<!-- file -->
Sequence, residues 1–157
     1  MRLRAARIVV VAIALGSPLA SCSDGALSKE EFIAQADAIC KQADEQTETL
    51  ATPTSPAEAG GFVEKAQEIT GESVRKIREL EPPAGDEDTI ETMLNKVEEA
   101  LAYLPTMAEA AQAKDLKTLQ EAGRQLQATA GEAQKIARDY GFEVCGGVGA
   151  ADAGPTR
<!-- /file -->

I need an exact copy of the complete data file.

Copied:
Sequence, residues 1–157
     1  MRLRAARIVV VAIALGSPLA SCSDGALSKE EFIAQADAIC KQADEQTETL
    51  ATPTSPAEAG GFVEKAQEIT GESVRKIREL EPPAGDEDTI ETMLNKVEEA
   101  LAYLPTMAEA AQAKDLKTLQ EAGRQLQATA GEAQKIARDY GFEVCGGVGA
   151  ADAGPTR